We are hoping that you will be attending our bi-monthly meeting on the square in Pineville at the new McDonald County Historical Museum, 2 p.m. Sunday, July 21.
We are fortunate that the Design Committee, those ladies whose vision was accomplished creating amazing exhibits in the museum, will be our guides on that afternoon. Do mark your calendar and join us. Coming soon, also, is Jesse James days, in August, the 28 through the 31. A wonderful ‘festival’ and celebration that grows with every year. In the museum, you will find available the “Illustrated History Of McDonald County, Missouri From the Earliest Settlement to the Present time, edited and compiled by J. A. Sturges, Attorney at Law, Pineville, Mo. 1897.”
We take great pride in making this interesting publication available. I found the following story of McDonald County interesting:
“…the name Buffalo, was given this creek by the first Catholic Missionary that ever visited the Indians of this part of America. During his journey considerable heavy rain fell and the creek, as well as the river rose until it was past fording, and the party was obliged to go into camp between the two streams until the water ran down. While thus delayed a buffalo cow was killed by one of the party and the robe, or skin, was preserved. From this event the missionary gave the name Buffalo to the creek and Cow Skin to the river.
A very pretty origin for the names of two of the most noted streams in our county. Next south of this is Patterson Creek, named from John Patterson, an old bachelor who settled on the creek about the year 1833. The creek rises about two miles west of the town of Anderson and runs principally west, passing into the Territory about a mile south of Tiff City. South Indian creek takes its source at a large spring in the town of Rocky Comfort and runs south of west for some 10 or 12 miles where it connects with the main creek which has its source in Newton County, and enters McDonald County about 12 miles from the northeast corner.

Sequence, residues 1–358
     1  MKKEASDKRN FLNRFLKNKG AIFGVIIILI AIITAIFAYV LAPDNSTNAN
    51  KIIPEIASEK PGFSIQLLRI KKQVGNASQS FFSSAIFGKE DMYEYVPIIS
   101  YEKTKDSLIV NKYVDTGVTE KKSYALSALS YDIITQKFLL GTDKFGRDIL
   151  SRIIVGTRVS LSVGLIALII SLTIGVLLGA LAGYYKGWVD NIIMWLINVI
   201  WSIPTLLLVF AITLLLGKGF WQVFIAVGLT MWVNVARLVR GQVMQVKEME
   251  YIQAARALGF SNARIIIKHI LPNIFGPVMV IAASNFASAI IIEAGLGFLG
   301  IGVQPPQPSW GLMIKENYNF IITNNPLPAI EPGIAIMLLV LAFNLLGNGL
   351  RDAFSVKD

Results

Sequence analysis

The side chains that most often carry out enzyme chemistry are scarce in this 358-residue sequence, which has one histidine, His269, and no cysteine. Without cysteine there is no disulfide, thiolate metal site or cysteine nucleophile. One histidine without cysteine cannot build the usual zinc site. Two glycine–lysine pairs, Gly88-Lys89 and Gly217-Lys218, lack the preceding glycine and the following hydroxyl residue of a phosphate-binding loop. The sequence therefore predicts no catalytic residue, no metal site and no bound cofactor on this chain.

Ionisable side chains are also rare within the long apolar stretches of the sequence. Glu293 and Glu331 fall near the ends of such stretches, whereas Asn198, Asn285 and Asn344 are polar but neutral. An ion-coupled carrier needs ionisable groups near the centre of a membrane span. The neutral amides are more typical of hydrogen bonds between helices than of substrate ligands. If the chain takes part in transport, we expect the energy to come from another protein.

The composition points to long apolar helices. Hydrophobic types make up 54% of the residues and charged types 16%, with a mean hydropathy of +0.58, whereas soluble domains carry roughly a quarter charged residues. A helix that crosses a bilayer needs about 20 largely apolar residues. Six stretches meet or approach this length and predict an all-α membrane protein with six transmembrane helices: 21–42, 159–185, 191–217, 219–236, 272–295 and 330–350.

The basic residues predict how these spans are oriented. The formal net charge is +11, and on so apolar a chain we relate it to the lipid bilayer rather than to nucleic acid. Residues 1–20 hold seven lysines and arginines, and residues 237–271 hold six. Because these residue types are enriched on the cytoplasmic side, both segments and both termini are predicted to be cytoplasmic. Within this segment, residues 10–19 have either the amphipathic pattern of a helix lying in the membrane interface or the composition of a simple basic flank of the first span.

The main creek flows south and west from where it enters this county, and empties into Elk River just above the old town site of Rutledge. This is one of the most beautiful of streams; throughout its entire length the rich bottom lands, fine farms, herds of all kinds of stock and comfortable, home-like houses and barns impress one with the belief that he is in one of the favored spots of the earth.
Many years ago, in the earliest settlement of this part of Missouri there was an Indian camp on this creek just about where it now crosses the north line of this county. The name was given it from this Indian camp. East of this, and still in the northern part of the county are the North and South Elk Horn. These two streams each rise from springs and are fed by the same means. The valleys are narrow but very productive, and many nice farms are found along these two streams. Many of the older inhabitants do not remember the origin of the name, but I have been able to glean the information that it was formerly the grazing and stamping ground for herds of elk, and the name was given on account of finding horns of these animals along the two streams.
Page 2 of 2 - Mr. John Roseberry, now deceased, more than 60 years ago found an immense set of elk horns in that vicinity. He was a large, tall man, but the horns were so large that when the tips were placed on the ground he could stand straight under the crown.
This may seem somewhat incredible, but it is vouched for by so many reputable citizens that it is given as an absolute fact.”
We count our blessings that Attorney Sturges (Judge Sturges) cared enough to preserve these interesting facts. Do you have an interesting story you would like preserved for posterity?
Do join us at our meeting on the 21st, or write to us at Post Office Box 572, Pineville, Mo. 64856, or go to www.mcdonaldcohistory.org. or email@example.com.
Hope to see you Sunday, July 21.
Alberta Anders writes a weekly column for the Daily News.